The Men in My Life is a measure of my own development of sympathy for these men [writers]. Every last one of them is a very depressed man, and they're all great writers. I came to admire and finally understand the way in which they used their depression rather than let it overcome them. Some of the writers I'm not sympathetic with include Philip Roth and Saul Bellow. Another piece is on Randall Jarrell, another is on James Baldwin. Then there are VS. Naipaul and George Gissing.

Why did you choose to focus on male writers?

Well, I was trying to make amends for all the terrible things I'd said over all the years! But to be honest I'm not really sure. It was something I wanted to do. I wanted to show depression in men, for one thing, I really did. And [depression] has certainly always been associated with women. I wanted men and women alike to be able to think, gee, your obligation as a writer is to live with it, overcome it, make use of it, turn necessity into a virtue. I mean, it's something I live with all the time. We all do.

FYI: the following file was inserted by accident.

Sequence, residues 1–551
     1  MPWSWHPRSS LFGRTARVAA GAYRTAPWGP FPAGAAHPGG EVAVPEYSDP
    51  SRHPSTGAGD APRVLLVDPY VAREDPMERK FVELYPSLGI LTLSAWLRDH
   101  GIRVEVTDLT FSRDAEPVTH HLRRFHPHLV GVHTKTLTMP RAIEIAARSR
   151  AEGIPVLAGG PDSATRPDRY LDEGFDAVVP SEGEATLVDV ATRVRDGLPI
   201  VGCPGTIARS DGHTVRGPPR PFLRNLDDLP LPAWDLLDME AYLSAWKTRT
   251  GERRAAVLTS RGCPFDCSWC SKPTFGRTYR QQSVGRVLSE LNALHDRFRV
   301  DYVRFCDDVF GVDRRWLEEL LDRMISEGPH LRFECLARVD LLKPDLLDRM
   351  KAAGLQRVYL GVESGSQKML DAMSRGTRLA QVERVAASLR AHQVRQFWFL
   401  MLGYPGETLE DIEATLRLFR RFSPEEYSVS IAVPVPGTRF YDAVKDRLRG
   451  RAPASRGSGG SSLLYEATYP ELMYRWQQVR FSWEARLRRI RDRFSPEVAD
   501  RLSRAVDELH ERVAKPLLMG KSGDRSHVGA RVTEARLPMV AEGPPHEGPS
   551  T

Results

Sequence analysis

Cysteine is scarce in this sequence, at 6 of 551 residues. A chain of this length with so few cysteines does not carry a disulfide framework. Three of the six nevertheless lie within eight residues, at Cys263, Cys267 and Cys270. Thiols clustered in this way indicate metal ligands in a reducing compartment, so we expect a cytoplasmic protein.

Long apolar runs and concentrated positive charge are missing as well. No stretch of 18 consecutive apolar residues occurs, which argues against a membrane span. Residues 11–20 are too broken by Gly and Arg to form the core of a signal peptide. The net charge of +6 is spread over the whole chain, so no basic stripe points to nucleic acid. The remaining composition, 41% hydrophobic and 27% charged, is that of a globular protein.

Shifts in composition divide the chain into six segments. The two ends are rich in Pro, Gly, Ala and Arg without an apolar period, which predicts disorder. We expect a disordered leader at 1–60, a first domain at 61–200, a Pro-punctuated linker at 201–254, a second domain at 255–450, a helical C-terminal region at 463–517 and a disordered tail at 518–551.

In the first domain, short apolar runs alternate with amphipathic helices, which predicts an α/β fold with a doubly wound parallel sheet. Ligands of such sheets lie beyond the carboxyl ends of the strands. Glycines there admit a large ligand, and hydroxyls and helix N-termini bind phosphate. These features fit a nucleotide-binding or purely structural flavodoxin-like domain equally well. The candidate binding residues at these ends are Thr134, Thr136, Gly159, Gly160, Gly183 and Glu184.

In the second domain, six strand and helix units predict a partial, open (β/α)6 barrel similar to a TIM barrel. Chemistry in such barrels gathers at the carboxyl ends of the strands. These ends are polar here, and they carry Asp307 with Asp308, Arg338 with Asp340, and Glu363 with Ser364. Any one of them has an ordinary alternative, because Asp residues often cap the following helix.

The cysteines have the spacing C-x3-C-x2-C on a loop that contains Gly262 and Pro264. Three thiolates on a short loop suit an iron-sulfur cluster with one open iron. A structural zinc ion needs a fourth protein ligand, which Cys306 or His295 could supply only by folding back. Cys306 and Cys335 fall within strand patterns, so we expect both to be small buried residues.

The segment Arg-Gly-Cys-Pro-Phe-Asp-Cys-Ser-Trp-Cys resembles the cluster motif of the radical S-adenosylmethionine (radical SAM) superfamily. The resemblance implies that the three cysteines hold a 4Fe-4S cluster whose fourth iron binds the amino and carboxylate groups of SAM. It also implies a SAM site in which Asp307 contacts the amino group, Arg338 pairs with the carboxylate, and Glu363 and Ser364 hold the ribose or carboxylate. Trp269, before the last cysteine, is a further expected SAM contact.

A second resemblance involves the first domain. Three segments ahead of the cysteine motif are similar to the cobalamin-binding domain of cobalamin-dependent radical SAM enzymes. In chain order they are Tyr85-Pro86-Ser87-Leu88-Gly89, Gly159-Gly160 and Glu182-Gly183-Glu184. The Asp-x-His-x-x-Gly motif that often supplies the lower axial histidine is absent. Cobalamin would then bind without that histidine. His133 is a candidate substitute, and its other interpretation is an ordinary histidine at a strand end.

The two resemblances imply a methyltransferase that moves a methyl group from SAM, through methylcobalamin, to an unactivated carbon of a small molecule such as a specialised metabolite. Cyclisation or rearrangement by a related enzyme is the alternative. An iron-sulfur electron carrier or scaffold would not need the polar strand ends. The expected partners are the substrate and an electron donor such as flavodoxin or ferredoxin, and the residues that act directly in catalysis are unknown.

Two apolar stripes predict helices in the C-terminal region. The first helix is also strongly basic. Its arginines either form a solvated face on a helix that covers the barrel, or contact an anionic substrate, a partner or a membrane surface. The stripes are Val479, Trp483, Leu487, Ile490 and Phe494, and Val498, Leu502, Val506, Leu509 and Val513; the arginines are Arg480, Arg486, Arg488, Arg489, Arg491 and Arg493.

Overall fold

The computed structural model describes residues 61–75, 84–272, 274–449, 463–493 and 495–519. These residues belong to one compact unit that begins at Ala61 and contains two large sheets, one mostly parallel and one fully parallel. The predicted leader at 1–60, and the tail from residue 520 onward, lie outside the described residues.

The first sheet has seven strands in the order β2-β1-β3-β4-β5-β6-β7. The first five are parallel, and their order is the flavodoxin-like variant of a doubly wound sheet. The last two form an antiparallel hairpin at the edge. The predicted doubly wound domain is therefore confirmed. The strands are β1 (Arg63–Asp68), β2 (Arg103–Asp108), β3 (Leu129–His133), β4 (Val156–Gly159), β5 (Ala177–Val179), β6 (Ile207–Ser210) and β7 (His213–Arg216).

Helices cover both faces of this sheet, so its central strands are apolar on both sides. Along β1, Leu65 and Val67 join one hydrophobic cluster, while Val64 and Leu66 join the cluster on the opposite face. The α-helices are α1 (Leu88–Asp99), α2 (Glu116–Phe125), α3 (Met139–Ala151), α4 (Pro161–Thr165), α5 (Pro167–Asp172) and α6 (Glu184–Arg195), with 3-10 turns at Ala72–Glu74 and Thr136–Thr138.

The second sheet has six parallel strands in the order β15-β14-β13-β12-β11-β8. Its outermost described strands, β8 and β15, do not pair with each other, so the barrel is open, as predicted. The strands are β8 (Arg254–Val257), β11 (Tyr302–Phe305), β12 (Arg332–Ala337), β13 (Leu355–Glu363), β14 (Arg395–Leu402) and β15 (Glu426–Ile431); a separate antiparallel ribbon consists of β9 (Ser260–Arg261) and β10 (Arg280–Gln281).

I feel that we’re currently in a bit of a memoir renaissance. You have Maggie Nelson’s The Argonauts, Heidi Julavits’ The Folded Clock: A Diary, and some other really powerful books that have been published recently. Why are we seeing this resurgence?

We're seeing it because the novel itself has not been producing work of the deepest order for a long time. And the longing for narrative, the straightforward narrative, I believe is resurfaced in this way. Modernism brought straightforward narrative to an end, and voice was everything for a very, very long time. And it had a lot to say for a long time. The sense of a voice out in space is very real. But it has run its course and we are still alive, and we still hunger for a story. But there’s no way to go back to neo-realistic novel writing. So the memoir, in its own stumbling, inferior way, came to represent the renewal of storytelling. You know, forty years ago, everyone, myself included, every young person wanted to write the great American novel. Now these same people sit down to write a memoir. With the same results. There are thousands of lousy novels, and there are thousands of lousy memoirs. But it's still the hunger for storytelling that’s behind it, and the hunger to make literature is behind it. And whether it can do it or not remains long in the future to be told.

What are you working on now?